DESCRIPTION of the method:
The DNA Fragmentation Assay allows to determine the amount of DNA that is degraded upon treatment of cells with certain agents, e.g. with TNF-alpha or anti-Fas antibody (IPO-4).
The principle of this assay is:
the cells' DNA is radioactively labeled by growing the cells in presence of 3H-Thymidine so that radioactive 3H-Thymidine is incorporated into the DNA. Then the labeled cells are incubated with or without the DNA fragmentation inducing agent. During this incubation the added agent (e.g. TNF-alpha induces cells to die by apoptosis and consequently the fragmentation of DNA while the DNA of untreated cells remains intact. After incubation (e.g. 48 h) the cells are harvested: during harvesting, the cells are washed out of the wells of the 96 well plate with bidest water: the cells and organelles burst and the cell's DNA is set free. The cell fragments and DNA are passed through a filter membrane (glassfiber). Only particles of smaller than 1,5 Ám can pass the filter. So, intact DNA (with a fragment length in the range of milimeters or even centimeters) will not be able to pass the filter but be collected on the filter membrane. DNA that was cleaved/degraded into fragments of about 5000 bp or less will be small enough to pass the pores of the filter and won't be collected on the filter. The filter membrane is dryed and the amount of radioactivity (what corresponds to the amount of intact DNA) counted in a scintillation counter. To calculate the percentage of DNA fragmentation you compare the counted radioactivity (counts per minute = cpm) of cells that were not treated with the cpm in cells that were treated with agent:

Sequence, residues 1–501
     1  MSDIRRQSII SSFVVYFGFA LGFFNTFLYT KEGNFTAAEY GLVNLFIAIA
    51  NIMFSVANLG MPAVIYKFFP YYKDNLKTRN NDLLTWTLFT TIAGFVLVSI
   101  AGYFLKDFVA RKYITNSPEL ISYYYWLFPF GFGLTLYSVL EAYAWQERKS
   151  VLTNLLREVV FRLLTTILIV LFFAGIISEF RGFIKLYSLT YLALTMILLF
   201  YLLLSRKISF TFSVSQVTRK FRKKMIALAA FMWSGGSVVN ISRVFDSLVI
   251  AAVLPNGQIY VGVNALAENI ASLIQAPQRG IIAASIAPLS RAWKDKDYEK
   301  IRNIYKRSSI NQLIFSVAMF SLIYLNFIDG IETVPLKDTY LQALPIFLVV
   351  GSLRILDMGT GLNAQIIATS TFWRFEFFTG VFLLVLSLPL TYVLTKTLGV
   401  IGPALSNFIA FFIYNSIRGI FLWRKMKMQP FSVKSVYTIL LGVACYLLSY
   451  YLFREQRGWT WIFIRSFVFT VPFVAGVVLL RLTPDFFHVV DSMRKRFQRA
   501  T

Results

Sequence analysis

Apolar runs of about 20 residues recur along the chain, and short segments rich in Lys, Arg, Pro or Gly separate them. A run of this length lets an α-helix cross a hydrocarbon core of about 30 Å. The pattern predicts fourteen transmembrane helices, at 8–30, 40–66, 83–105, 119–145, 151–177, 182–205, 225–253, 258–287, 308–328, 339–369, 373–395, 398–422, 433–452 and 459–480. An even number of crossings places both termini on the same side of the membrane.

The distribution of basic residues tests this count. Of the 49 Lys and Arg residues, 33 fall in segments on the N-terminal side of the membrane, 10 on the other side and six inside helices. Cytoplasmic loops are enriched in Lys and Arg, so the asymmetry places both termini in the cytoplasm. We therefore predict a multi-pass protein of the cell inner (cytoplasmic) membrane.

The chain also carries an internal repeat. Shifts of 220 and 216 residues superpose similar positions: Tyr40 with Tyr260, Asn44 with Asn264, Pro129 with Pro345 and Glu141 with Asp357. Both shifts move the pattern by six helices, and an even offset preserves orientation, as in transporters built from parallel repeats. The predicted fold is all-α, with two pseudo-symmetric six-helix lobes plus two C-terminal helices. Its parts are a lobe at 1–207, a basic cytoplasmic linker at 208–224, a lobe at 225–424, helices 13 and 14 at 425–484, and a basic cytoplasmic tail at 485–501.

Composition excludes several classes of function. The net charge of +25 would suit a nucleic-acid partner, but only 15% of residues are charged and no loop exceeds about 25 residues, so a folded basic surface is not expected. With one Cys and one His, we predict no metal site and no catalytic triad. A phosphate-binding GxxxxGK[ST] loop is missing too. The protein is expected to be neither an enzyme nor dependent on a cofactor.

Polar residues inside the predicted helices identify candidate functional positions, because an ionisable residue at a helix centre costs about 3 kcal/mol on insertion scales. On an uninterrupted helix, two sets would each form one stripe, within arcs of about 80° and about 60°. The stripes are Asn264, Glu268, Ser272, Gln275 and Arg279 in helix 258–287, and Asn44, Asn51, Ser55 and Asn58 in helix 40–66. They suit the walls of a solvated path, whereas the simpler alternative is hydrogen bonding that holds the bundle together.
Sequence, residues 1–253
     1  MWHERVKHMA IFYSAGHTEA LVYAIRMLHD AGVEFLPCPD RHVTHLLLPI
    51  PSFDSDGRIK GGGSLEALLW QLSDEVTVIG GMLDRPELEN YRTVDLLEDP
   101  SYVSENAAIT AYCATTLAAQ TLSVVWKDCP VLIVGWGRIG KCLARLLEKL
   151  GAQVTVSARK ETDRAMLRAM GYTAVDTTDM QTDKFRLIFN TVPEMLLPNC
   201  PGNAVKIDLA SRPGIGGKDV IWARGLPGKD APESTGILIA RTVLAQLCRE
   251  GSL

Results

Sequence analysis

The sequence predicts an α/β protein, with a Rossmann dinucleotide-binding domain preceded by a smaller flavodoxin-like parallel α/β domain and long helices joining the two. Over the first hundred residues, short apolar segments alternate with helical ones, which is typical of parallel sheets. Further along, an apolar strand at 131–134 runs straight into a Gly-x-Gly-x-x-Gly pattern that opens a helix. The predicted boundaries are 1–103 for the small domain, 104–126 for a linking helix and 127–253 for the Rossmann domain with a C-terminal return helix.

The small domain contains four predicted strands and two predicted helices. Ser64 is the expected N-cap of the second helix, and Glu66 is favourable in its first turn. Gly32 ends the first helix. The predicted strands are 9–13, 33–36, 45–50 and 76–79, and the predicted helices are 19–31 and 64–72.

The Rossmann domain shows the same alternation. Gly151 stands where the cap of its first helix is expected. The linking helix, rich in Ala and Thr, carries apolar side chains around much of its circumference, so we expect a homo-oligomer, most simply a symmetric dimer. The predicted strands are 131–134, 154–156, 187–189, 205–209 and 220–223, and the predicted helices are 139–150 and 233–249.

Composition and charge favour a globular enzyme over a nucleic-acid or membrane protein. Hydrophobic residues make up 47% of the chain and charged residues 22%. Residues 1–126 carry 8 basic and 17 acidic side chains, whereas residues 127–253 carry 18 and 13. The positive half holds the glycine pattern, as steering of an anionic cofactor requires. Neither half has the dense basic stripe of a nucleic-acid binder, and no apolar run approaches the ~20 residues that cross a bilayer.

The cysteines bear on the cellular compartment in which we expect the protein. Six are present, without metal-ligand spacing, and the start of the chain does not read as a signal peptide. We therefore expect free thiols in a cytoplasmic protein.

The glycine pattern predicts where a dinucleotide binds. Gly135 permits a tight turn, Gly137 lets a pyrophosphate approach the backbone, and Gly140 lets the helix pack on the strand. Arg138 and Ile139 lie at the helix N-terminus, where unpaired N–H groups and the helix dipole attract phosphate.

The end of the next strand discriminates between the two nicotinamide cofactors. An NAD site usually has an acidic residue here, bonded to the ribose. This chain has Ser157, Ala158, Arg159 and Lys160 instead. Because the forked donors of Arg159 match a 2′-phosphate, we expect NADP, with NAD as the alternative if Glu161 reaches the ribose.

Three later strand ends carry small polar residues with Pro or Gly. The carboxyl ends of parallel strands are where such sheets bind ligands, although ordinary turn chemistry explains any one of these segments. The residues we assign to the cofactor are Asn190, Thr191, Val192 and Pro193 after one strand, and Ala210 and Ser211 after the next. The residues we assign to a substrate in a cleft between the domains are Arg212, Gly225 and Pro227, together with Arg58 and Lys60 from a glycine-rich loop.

Fragmentation [%] = [cpm (untreated) - cpm (treated)] / cpm (untreated).